Vasily’s favourite hobby now was beekeeping which he had been doing now for about 10 years. After Chernobyl there had been many wild bees around and he first became interested in bees when he found a wild nest and took honey from it, even though he got stung. He did this a couple of times and when he went back a third time there was none left. From this simple beginning he taught himself beekeeping from books, as there was no one to help him do it.
Vasily is absolutely fascinated by bees and their behaviour and I learnt an enormous amount about them just from talking to him. When we first met him he had about 30 hives at his dacha.
The queen lives for 5 years, but the first 3 years are best for honey production. Each hive has about 30,000 bees and in Summer a bee lives for c.30 days before it dies of overwork and worn out wings. In its short lifetime a bee collects about one teaspoonful and to produce 1 kg of honey they need to visit 12,000 flowers. The hives have bee guards at the entrance to stop bees from other hives from stealing their honey and they can recognise them by their smell.
What surprises him about bees? “They are hardworking, they don’t get tired and they gather so much honey.”
Bees don’t sleep. In Winter they slow down and clump together in the hive for warmth – they don’t hibernate – and eat about 10kg of honey. Belarus is very cold in Winter with temperatures going down to -20 degrees C, so Vasily keeps the hive warm with padding inside the top of the hive itself. He has a mixture of types of hive, some factory made, some bought secondhand and some he has made himself. The Belarusian hives are also made of thicker wood to keep the bees warm in the Winter.
Vasily hardly needs to look at the hives in Winter, only occasionally tapping on the side of the hives and diagnosing from the resulting noise whether there is a problem with the hive. Normal hives make a buzzing noise which quickly dies down. Hives where there is a problem make a sort of continuous swishing noise. Lots of bees die at this time of year, so he needs to build up their strength after Winter.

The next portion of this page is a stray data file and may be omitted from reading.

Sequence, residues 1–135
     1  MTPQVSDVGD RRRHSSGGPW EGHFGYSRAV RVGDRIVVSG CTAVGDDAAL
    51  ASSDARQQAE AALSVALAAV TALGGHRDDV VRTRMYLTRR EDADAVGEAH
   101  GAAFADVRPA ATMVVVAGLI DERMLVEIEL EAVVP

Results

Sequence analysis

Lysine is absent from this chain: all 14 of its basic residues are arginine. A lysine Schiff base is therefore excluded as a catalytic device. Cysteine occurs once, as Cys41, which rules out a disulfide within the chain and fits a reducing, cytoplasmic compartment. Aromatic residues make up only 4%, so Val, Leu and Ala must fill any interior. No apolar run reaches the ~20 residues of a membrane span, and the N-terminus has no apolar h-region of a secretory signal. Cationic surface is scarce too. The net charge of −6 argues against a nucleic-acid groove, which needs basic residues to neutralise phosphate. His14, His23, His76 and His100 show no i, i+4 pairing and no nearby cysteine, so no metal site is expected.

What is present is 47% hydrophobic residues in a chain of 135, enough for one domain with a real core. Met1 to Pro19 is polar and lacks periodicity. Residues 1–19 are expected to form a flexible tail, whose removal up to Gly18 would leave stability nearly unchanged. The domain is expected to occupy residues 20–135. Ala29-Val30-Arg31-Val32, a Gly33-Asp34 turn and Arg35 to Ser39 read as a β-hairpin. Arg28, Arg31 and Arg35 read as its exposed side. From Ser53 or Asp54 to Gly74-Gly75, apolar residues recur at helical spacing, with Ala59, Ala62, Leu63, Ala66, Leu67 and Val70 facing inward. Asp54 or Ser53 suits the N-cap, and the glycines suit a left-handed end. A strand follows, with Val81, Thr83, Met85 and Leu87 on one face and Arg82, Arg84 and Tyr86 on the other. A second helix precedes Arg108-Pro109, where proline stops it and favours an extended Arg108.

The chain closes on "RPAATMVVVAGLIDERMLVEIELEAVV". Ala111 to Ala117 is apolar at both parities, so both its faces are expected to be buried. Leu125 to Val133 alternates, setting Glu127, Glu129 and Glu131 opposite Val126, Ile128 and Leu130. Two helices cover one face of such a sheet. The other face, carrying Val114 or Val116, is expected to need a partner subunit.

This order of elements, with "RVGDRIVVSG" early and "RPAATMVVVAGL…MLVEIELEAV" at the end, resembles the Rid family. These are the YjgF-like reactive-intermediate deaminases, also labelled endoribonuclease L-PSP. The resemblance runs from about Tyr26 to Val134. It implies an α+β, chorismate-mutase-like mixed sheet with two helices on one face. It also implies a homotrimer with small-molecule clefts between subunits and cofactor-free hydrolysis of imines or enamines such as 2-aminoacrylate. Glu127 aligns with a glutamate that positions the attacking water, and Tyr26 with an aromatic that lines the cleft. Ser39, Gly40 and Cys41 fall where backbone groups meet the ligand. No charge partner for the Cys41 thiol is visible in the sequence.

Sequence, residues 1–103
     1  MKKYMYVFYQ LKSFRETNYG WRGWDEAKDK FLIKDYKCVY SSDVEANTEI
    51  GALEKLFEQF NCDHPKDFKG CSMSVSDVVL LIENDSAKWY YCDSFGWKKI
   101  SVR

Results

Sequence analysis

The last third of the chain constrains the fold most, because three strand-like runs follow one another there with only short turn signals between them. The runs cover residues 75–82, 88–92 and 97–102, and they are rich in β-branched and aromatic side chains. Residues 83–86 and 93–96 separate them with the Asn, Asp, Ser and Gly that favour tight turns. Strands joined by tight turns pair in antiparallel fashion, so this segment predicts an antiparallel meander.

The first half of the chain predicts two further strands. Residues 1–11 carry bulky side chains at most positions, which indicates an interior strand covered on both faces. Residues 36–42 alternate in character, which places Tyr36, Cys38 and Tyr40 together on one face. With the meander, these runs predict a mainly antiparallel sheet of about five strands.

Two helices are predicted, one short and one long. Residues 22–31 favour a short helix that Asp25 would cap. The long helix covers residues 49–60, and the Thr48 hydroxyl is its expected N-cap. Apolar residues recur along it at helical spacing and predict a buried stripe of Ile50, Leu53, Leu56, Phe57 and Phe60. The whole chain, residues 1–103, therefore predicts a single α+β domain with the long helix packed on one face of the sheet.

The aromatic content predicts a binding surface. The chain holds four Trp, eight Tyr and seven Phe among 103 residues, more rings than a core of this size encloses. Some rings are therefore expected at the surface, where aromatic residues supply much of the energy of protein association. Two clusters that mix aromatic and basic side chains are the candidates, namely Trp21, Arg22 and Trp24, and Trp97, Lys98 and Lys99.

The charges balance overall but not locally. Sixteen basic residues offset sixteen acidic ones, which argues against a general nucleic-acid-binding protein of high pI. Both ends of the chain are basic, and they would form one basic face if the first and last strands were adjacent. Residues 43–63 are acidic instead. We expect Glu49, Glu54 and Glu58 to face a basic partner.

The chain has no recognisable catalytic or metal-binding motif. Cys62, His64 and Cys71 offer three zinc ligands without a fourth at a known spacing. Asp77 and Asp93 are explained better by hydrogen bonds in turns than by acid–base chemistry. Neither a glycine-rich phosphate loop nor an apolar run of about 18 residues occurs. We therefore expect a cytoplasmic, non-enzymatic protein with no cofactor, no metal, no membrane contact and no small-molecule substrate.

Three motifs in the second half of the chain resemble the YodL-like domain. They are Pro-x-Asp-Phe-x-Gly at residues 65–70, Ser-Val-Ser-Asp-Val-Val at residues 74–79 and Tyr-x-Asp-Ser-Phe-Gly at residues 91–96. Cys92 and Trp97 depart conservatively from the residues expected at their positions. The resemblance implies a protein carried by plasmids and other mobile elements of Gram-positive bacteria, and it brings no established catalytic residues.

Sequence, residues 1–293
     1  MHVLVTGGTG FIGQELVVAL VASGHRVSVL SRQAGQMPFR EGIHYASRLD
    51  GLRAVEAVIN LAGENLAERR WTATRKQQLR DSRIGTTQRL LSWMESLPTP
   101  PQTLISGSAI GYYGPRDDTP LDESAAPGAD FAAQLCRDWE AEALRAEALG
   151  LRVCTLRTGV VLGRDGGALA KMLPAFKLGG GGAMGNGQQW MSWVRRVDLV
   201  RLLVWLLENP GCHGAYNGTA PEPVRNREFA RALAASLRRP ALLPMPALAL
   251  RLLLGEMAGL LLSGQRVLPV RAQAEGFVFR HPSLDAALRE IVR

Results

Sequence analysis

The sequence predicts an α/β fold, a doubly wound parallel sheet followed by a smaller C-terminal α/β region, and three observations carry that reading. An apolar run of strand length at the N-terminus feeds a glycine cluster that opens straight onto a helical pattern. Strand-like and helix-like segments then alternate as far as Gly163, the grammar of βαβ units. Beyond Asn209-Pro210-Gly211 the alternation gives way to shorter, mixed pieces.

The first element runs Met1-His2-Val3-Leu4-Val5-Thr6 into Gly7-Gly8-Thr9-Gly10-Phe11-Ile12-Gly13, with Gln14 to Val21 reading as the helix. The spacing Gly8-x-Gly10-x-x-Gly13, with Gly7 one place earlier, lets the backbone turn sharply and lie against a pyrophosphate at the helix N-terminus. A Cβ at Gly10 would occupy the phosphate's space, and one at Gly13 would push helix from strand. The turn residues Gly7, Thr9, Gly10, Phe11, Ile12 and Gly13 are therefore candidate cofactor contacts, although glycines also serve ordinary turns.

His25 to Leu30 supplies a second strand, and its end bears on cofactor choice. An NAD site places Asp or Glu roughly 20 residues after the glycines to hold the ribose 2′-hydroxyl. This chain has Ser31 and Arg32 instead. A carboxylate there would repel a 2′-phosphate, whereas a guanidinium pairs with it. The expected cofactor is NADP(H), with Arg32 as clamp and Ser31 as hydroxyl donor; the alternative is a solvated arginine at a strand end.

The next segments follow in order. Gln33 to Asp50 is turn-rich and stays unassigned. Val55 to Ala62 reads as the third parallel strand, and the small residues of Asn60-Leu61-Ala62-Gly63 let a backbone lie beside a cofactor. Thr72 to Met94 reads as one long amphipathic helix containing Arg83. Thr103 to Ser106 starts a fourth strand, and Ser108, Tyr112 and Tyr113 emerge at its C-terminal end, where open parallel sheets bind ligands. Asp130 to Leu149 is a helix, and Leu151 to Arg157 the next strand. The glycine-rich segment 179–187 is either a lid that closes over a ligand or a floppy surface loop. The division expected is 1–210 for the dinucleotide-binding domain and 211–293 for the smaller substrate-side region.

The bees stay in the hive from October through to the April. At the end of the Winter, the bees need to be cleaned, so if it’s still snowy he sprinkles sand on the ground for them to come out and fly around and do their ablutions. If he didn’t do this they would get snow-blind, fall to the ground and freeze to death.
One of his biggest problems is selling the honey. He does not have the time to sell at retail prices, so his only real option is to sell to a pan regional beekeeping association in Soligorsk, but the price they offer him fluctuates and they won’t always buy from him. He also produces wax but it would not be sufficiently profitable to sell it on its own – besides, he doesn’t produce enough of it.
One of the key things about Vasily is that he is really enterprising. He works long hours at the dacha in the evenings, even in the Winter, making bits of equipment and tools that he cannot buy or afford. I asked him once whether it doesn’t get too cold to work at the dacha in Winter and he told me: “It’s fine – until it gets down to minus 10 degrees and then I go home.”
During one of our early visits he showed us an old railway wagon that he wanted to turn into a mobile apiary, so that he could take hives round to fields flowering at different times of year. It struck me, as I looked at the rusting hulk, that this was a bit of a pipe dream, but then again I didn’t know Vasily.